A rare treat, backward and forward.

OTTO

A PALINDRAMA

The panjandrum of palindromes crafts and collects some 200 examples to drive a picaresque graphic tale that (of course!) ends where it began.

Sure, the action is visually driven and most of the panels wordless—but from the initial “Mmm” to the concluding “Peep!” young Otto’s peregrinations are positively laced with well-placed palindromic dialogue, sound effects, signs, billboards, and labels. Ripples in a bowl of soup become a portal that lands the White lad on a beach. After various surreal sights (“Emus sail, I assume?”), he hitches a ride into a city crowded with passersby from “Regan Amy Trapp, party manager” to “Neil, a li’l alien,” then on to stores, a cemetery, and other stops before at last fetching up in his own urban backyard. Though he’s not above a “li’l” fudging (“Wanna potato pan? Naw”), Agee never breaks away from his premise, and he matches lines and locales with terrific ingenuity (at an art museum: “Even I’d order a red Rodin, Eve!” but “Gustav Klimt milk vats? Ug!”; a Robert Indiana–esque POOP sculpture is in the background). Astonishingly, somehow he keeps the plotline (more or less) coherent. Having drawn on the constructions of other palindromists to supplement his own, he readily shares credit in a closing note. The human figures in his palely tinted cartoons are mostly White, but some few have pale olive skin. (This book was reviewed digitally.)

A rare treat, backward and forward. (Graphic fantasy. 6-9)

Pub Date: Dec. 28, 2021

ISBN: 978-0-8037-4162-1

Page Count: 144

Publisher: Dial Books

Review Posted Online: July 27, 2021

Kirkus Reviews Issue: Aug. 15, 2021

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A witty addition to the long-running series.

THE DEEP END

From the Diary of a Wimpy Kid series , Vol. 15

The Wimpy Kid hits the road.

The Heffley clan has been stuck living together in Gramma’s basement for two months, waiting for the family home to be repaired, and the constant togetherness has been getting on everybody’s nerves. Luckily Greg’s Uncle Gary has a camper waiting for someone to use it, and so the Heffleys set off on the open road looking for an adventurous vacation, hoping the changing scenery will bring a spark back to the family unit. The winding road leads the Heffleys to a sprawling RV park, a setting teeming with possibilities for Greg to get up to his usual shenanigans. Greg’s snarky asides and misadventures continue to entertain. At this point the Wimpy Kid books run like a well-oiled machine, paced perfectly with witty lines, smart gags, and charming cartoons. Kinney knows just where to put a joke, the precise moment to give a character shading, and exactly how to get the narrative rolling, spinning out the oddest plot developments. The appreciation Kinney has for these characters seeps through the novels, endearing the Heffleys to readers even through this title, the 15th installment in a franchise boasting spinoffs, movies, and merchandise. There may come a time when Greg and his family overstay their welcome, but thankfully that day still seems far off.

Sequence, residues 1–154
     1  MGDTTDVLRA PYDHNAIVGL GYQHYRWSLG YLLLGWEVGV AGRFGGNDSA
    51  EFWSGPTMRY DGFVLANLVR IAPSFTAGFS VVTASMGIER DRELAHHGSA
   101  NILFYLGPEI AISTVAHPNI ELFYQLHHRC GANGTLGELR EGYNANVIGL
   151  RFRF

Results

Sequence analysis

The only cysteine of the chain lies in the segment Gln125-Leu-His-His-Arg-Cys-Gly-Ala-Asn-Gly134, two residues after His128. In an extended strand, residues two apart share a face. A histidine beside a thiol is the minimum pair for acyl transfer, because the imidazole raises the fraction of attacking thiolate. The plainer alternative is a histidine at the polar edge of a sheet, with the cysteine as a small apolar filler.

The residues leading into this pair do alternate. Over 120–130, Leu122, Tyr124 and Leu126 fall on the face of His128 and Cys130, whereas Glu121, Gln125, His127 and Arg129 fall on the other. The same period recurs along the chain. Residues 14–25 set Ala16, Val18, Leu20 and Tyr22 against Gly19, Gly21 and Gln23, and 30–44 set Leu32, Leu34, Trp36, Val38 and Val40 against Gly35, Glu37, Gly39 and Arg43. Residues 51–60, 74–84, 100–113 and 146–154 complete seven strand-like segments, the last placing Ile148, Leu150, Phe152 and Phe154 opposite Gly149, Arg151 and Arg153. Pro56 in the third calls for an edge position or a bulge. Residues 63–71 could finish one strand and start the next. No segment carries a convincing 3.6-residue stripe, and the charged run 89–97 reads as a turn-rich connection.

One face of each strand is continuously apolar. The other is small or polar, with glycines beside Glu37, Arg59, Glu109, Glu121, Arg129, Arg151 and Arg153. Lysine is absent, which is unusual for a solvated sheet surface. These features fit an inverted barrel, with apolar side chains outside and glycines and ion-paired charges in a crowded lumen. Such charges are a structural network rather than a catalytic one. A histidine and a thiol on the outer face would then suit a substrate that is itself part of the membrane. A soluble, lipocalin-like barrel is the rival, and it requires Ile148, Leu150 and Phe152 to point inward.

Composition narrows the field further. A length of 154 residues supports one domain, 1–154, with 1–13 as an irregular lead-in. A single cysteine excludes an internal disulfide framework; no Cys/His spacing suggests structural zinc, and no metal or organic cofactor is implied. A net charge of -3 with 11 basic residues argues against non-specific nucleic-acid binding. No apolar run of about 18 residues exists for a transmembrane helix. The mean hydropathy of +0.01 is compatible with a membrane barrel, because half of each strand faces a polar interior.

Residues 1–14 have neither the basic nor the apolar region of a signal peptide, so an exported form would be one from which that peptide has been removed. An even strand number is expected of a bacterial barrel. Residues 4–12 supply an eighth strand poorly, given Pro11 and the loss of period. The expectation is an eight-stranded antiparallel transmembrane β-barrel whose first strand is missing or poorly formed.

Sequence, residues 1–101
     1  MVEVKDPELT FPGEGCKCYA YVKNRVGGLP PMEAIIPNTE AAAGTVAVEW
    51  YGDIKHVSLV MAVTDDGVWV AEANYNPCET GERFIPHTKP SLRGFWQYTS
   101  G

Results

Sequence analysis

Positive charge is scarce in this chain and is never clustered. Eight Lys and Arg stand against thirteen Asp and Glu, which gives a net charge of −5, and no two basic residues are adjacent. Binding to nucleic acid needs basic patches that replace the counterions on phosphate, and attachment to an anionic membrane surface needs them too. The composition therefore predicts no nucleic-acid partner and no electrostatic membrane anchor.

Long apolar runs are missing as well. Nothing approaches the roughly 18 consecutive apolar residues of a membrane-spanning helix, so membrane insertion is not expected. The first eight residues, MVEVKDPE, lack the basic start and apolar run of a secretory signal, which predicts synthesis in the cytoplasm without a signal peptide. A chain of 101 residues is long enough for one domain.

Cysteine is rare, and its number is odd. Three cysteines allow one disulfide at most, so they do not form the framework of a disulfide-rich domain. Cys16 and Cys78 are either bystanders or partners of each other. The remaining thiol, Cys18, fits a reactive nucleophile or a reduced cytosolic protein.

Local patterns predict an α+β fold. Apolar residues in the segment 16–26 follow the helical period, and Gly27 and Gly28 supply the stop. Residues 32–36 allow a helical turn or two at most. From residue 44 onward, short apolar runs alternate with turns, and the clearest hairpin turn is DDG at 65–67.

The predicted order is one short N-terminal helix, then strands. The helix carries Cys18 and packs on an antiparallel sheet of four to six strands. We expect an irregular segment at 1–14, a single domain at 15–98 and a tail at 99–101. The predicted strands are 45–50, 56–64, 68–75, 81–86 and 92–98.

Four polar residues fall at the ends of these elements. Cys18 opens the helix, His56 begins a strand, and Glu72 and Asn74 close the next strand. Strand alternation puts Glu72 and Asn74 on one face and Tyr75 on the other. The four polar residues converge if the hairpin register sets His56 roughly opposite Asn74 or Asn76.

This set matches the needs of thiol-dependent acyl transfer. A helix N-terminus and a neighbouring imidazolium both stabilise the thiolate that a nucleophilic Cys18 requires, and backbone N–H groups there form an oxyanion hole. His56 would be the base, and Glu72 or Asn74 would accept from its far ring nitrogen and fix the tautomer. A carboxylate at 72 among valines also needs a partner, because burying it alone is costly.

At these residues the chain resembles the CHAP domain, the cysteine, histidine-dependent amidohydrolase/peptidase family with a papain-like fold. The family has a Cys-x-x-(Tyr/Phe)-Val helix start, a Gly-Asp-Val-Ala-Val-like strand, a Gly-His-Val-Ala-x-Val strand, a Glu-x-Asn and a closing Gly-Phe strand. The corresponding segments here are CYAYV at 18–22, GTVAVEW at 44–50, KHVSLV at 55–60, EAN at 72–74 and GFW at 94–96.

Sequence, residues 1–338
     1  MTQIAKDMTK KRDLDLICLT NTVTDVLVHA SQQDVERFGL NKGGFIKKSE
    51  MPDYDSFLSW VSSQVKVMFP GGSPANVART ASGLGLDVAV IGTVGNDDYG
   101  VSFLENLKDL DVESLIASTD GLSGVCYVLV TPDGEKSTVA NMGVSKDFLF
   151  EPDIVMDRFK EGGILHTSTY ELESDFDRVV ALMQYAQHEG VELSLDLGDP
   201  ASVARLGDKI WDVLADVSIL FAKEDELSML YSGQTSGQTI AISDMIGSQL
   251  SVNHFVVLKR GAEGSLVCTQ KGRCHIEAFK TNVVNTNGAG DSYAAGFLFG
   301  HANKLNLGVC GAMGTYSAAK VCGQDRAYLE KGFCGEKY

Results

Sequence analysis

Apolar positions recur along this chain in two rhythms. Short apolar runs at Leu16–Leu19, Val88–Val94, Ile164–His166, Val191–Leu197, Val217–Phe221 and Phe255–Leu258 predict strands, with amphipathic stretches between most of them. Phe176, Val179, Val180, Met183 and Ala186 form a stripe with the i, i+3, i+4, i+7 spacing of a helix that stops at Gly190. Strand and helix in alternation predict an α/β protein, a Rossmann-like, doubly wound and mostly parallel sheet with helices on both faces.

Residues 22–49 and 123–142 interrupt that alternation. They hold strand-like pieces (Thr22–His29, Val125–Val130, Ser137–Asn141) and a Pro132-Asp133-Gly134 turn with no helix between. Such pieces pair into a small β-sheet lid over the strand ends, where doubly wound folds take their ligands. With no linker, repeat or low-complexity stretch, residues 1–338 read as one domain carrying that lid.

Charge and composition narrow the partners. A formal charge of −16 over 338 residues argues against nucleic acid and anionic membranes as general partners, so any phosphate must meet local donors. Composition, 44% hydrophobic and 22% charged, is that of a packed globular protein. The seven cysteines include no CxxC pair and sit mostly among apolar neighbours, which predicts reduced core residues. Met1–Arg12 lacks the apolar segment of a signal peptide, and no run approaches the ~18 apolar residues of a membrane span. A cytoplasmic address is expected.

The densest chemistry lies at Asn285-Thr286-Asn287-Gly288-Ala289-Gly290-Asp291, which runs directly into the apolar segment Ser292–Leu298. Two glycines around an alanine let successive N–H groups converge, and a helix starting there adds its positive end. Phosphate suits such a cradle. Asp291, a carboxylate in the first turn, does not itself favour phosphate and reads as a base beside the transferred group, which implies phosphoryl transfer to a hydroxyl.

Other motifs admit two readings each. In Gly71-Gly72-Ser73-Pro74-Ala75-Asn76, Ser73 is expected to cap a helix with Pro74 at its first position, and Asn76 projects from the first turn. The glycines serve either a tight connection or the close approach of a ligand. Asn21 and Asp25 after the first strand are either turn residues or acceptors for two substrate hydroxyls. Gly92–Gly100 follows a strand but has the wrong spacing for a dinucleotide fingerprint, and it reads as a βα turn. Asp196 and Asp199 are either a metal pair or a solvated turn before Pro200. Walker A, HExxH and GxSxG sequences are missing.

A witty addition to the long-running series. (Humor. 7-12)

Pub Date: Oct. 27, 2020

ISBN: 978-1-4197-4868-4

Page Count: 224

Publisher: Amulet/Abrams

Review Posted Online: Nov. 24, 2020

Kirkus Reviews Issue: Dec. 15, 2020

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More trampling in the vineyards of the Literary Classics section, with results that will tickle fancies high and low.

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DOG MAN AND CAT KID

From the Dog Man series , Vol. 4

Recasting Dog Man and his feline ward, Li’l Petey, as costumed superheroes, Pilkey looks East of Eden in this follow-up to Tale of Two Kitties (2017).

The Steinbeck novel’s Cain/Abel motif gets some play here, as Petey, “world’s evilest cat” and cloned Li’l Petey’s original, tries assiduously to tempt his angelic counterpart over to the dark side only to be met, ultimately at least, by Li’l Petey’s “Thou mayest.” (There are also occasional direct quotes from the novel.) But inner struggles between good and evil assume distinctly subordinate roles to riotous outer ones, as Petey repurposes robots built for a movie about the exploits of Dog Man—“the thinking man’s Rin Tin Tin”—while leading a general rush to the studio’s costume department for appropriate good guy/bad guy outfits in preparation for the climactic battle. During said battle and along the way Pilkey tucks in multiple Flip-O-Rama inserts as well as general gags. He lists no fewer than nine ways to ask “who cut the cheese?” and includes both punny chapter titles (“The Bark Knight Rises”) and nods to Hamilton and Mary Poppins. The cartoon art, neatly and brightly colored by Garibaldi, is both as easy to read as the snappy dialogue and properly endowed with outsized sound effects, figures displaying a range of skin colors, and glimpses of underwear (even on robots).

More trampling in the vineyards of the Literary Classics section, with results that will tickle fancies high and low. (drawing instructions) (Graphic fantasy. 7-10)

Pub Date: Dec. 26, 2017

ISBN: 978-0-545-93518-0

Page Count: 256

Publisher: Graphix/Scholastic

Review Posted Online: May 14, 2018

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